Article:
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Peripheral Vascular Laboratory (PVL)

(757) 668-7000


PVL stands for Peripheral Vascular Laboratory. This test is done to check the blood circulation of the specified arteries and/or veins requested by your child’s doctor/ medical provider. This may also be referred to as a Vascular Ultrasound Exam. The PVL testing is non-invasive, which means there are no “needle sticks” or incisions for these exams.


The test is primarily done by using an ultrasound machine to measure flow through blood vessels. The ultrasound machine is made up of computers with hand held instruments called transducers. A transducer looks like a wand or microphone. This wand makes the picture on the computer screen. Your child will lie down on a bed in a dim room. Gel (goo, lotion, or slime), which is usually warm, is placed on the area to be scanned. Your child is asked to be very still while the pictures are being taken. The pictures are taken using the wand. After it is done the gel is cleaned off. The ultrasound will make lots of noise during the examination. The noise will sound like the beat of your heart, or a drum, or the swish of ocean waves. These examples can be used to prepare your child for the sounds they may hear.


A trained, registered vascular ultrasonographer or technologist will perform the test. At times, a doctor will come into the room to watch or assist.


Most tests do not need special preparation. However, some tests do require your child not eat or drink several hours prior to their exam. Ask your child’s doctor or nurse if there are any preparations needed when the appointment is made. It is very important to follow any special instructions for the test. If they are not followed, the appointment may have to be rescheduled.


No. Ultrasound has been studied for many years by experts and found to be a safe procedure. These tests do not involve the use of x-rays, so there is no radiation.


The technologist or nurse will give you any instructions you need and tell you when you may leave. The results will be sent to the your child’s doctor/medical provider.


Infants: You can help your baby feel more secure during the test by bringing a special blanket, toy or pacifier. Please bring along a bottle of juice or formula to feed your baby when the test is done.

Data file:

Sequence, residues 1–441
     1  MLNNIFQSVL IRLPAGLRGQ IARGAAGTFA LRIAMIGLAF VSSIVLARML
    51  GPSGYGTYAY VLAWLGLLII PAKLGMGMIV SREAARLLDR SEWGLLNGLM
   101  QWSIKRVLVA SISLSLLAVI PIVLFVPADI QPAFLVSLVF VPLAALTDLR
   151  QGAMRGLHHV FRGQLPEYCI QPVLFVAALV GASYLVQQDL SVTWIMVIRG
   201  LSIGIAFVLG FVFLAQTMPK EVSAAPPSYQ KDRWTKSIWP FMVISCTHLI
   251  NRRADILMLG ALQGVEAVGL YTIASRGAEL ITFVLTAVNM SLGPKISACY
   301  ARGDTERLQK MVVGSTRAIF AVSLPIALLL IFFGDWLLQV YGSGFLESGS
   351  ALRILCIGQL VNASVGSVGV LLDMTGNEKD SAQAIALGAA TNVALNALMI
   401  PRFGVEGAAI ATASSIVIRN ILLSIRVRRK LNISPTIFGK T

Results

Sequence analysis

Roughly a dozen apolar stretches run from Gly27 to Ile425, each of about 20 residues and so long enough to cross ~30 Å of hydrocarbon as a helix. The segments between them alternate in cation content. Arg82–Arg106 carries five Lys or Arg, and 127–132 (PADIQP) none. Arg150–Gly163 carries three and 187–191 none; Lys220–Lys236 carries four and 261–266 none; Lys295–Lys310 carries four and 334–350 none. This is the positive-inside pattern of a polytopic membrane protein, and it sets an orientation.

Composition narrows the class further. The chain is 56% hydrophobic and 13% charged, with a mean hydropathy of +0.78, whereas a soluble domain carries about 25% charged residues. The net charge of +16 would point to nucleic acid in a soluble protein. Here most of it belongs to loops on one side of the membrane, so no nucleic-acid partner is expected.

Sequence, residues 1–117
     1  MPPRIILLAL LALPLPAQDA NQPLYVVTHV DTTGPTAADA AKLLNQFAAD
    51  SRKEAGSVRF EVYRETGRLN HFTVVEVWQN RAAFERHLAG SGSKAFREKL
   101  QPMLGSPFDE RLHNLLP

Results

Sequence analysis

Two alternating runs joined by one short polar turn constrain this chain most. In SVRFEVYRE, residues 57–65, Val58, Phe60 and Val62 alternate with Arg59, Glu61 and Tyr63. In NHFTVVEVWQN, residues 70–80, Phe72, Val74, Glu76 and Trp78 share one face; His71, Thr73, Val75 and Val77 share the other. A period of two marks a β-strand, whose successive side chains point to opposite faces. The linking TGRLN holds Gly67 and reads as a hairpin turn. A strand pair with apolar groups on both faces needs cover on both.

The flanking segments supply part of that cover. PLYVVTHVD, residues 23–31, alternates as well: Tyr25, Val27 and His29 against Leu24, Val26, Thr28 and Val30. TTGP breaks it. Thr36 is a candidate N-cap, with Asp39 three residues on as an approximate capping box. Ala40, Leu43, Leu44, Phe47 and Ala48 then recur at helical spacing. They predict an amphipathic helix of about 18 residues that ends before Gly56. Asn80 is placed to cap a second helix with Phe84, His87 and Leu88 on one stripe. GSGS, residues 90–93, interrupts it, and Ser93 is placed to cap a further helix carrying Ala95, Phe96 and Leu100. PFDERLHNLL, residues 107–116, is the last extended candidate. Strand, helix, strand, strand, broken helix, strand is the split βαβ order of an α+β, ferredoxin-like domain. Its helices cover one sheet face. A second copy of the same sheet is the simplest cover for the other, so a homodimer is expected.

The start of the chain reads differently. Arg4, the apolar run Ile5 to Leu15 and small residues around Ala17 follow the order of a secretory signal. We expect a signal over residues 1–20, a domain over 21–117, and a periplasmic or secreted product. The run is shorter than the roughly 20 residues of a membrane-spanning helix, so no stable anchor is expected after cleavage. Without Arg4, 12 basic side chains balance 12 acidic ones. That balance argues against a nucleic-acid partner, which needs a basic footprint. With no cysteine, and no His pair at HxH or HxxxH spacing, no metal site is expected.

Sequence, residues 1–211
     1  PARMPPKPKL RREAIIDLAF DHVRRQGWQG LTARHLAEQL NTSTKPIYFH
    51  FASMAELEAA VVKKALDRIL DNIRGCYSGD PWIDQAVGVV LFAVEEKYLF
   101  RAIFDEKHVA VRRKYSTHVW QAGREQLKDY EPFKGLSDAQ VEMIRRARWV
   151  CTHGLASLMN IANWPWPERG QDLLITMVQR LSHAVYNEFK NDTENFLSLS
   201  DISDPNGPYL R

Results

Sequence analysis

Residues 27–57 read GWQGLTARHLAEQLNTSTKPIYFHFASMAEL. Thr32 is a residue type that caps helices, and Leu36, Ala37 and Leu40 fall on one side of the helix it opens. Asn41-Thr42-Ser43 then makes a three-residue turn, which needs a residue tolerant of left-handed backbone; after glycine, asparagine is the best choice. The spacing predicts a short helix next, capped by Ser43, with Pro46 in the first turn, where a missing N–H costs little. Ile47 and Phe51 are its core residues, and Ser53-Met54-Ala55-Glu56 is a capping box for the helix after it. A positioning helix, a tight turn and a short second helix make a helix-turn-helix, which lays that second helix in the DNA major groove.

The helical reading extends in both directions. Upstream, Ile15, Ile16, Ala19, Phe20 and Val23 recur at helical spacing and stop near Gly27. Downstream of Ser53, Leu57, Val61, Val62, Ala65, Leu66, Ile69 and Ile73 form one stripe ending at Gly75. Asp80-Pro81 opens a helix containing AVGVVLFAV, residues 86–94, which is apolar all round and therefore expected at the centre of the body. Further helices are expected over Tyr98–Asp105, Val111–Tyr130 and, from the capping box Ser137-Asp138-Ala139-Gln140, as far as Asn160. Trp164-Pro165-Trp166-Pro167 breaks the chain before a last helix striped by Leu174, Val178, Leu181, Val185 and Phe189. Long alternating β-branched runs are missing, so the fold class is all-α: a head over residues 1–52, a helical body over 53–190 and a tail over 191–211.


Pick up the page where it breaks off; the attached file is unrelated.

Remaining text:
Toddlers and preschool-age children: Young children remember things for only a short time, so the best time to talk about the test is right before you are ready to come to the hospital. Tell your child that you are going to the hospital to have some “pictures" taken that the doctor needs to help him/her get better. Try to use simple words. It is important to be honest with your child. Tell him/her nothing will hurt. Because children at this age are afraid of being separated from their parent, let him/her know that mom or dad will stay with him/her as much as possible. When you come to the hospital, bring a favorite book, toy or blanket. You may also bring along a snack for after the test.

School-age children: School-age children have good imaginations. If you don't tell them the truth, they may imagine something much worse than the actual test. The day of the test, tell your child that he/she will be going to the hospital to have some pictures taken of the inside of his/her body. Tell him/her the pictures will help the doctor decide how to make him/her better. Use simple words. Be honest. Try to tell your child exactly what will happen. Tell him/her it is a painless test. Nothing will hurt. When you come to the hospital, bring along a favorite book, toy or game. If you wish, you may also bring along a snack for after the test.

Please call your child's doctor/medical provider or the Radiology Department at (757) 668-7250 if you have any questions or concerns.

Disclaimer:This information is not intended to substitute or replace the professional medical advice you receive from your child's physician. The content provided on this page is for informational purposes only, and was not designed to diagnose or treat a health problem or disease. Please consult your child's physician with any questions or concerns you may have regarding a medical condition.

Reviewed: 05/2018

(757) 668-7000